“It was one of the most wonderful moments I’ve experienced in the concert hall,” David Snead, CEO and president of the Handel and Haydn Society, told Mass Live. The group was determined to find and meet the new fan.
On Thursday, the orchestra finally learned of Ronan’s identity.
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According to his grandfather, Ronan is on the autistic spectrum and is primarily non-verbal, he told Boston NPR station WGBH.
“I can count on one hand the number of times that [he's] spontaneously ever come out with some expression of how he's feeling,” he said.
Ronan didn’t mean to be disruptive, he added, and sometimes simply expresses himself differently than the average person.
According to grandpa, Ronan is a huge fan of music and enjoys trips to Boston’s Museum of Science and Museum of Fine Arts. The pair’s planning to accept an invitation to meet the Handel and Haydn Society directors soon.
"It's a common trait in many people with autism, that they have a connection to music," Susan Stensland, Georgia Symphony Orchestra executive director, told The AJC back in 2016 when the GSO held its first sensory-friendly concert in Cobb County.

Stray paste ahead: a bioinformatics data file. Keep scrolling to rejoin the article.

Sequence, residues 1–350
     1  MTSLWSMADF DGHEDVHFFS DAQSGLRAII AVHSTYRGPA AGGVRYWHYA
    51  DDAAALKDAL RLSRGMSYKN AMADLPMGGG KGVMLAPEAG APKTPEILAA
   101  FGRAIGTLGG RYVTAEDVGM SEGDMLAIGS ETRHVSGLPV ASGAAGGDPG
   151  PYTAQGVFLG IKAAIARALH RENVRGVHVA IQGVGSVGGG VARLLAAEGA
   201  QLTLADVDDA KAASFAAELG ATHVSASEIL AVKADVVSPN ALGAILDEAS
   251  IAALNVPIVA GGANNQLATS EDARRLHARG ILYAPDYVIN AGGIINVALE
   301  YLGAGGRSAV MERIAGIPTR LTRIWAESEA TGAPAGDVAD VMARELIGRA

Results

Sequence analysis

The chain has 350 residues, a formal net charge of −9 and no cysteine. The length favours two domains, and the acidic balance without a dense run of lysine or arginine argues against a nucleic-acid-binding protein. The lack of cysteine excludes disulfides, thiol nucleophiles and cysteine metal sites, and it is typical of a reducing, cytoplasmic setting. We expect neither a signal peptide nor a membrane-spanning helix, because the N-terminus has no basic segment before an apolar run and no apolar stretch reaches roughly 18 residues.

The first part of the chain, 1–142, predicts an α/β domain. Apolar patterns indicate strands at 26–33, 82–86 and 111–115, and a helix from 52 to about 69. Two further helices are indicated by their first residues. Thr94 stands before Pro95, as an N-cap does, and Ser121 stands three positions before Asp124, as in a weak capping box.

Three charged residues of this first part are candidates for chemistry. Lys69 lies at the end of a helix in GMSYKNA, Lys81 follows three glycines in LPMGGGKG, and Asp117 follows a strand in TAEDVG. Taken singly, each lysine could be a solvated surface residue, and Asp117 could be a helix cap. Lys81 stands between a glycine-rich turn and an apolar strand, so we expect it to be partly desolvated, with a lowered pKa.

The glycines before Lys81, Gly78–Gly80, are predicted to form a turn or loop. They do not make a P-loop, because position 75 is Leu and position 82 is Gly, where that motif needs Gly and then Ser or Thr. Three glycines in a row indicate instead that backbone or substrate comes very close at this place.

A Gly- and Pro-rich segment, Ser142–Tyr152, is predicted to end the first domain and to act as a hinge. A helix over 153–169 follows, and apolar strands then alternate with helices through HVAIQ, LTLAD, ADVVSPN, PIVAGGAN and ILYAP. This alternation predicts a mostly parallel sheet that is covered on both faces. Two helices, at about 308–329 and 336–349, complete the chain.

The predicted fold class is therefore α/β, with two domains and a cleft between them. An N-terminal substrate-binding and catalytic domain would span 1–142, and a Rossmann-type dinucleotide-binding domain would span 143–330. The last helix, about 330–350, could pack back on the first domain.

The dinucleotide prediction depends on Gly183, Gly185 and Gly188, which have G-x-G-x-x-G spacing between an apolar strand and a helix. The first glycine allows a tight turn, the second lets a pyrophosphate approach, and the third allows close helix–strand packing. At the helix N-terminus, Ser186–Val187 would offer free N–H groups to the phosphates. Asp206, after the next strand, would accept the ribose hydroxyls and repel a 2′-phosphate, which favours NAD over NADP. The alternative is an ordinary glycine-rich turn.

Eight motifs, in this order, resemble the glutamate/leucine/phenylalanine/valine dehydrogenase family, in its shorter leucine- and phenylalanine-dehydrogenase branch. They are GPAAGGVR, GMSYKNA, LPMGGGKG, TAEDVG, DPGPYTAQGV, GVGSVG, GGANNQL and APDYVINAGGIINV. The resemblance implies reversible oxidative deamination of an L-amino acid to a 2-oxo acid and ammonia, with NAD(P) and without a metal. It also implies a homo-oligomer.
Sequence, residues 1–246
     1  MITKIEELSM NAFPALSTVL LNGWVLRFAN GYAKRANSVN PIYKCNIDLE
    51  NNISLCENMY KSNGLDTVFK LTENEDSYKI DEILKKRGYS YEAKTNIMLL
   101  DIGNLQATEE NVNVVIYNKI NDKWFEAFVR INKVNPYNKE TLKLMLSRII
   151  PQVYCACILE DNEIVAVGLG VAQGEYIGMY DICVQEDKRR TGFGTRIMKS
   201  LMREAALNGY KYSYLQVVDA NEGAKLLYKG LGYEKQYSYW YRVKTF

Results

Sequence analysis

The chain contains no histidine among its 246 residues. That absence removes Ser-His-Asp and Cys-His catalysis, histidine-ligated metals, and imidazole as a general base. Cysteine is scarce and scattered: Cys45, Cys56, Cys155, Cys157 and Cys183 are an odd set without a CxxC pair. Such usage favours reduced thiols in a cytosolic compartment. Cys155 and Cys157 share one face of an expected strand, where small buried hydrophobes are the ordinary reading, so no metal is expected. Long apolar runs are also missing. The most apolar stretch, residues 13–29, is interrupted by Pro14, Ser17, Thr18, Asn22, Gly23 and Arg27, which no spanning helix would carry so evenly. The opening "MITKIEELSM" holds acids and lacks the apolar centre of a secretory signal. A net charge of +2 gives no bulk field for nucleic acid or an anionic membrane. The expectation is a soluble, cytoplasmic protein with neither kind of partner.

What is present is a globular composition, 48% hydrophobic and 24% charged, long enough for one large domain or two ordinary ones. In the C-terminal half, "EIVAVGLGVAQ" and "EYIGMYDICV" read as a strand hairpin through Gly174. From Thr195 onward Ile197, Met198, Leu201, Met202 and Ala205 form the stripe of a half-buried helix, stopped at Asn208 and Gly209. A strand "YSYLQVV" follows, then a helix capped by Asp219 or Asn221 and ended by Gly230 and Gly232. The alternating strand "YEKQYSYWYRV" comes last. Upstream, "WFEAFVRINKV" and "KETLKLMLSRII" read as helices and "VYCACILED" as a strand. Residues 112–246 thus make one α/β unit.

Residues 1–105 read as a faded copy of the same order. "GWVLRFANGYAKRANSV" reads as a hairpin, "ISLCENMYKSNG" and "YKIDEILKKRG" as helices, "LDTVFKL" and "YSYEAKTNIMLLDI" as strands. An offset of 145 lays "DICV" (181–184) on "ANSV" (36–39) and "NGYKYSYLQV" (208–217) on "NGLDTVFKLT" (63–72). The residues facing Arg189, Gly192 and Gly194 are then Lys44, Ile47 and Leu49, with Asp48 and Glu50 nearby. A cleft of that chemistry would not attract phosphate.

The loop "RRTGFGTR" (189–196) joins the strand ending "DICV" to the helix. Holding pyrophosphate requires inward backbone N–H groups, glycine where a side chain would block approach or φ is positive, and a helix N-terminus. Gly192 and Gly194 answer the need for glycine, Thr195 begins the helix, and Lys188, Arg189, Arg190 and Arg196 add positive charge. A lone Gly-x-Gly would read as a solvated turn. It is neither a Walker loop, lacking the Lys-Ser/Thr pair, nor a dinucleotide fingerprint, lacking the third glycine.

"One of the reasons that music has quickly become a tool used in autism therapy is that it can stimulate both hemispheres of our brain, rather than just one," according to Nurse Journal. "Music encourages communicative behavior and can encourage interaction with others, which is something that autistic children have great difficulty with."
According to the Atlanta-based Centers for Disease Control and Prevention, autism spectrum disorder is a developmental disability that may cause significant social, communication and behavioral changes. While more people than ever before are being diagnosed with ASD, "it is unclear how much of this increase is due to a broader definition of ASD and better efforts in diagnosis," the CDC notes. Recent CDC data shows about 1 in 59 children has been identified with ASD.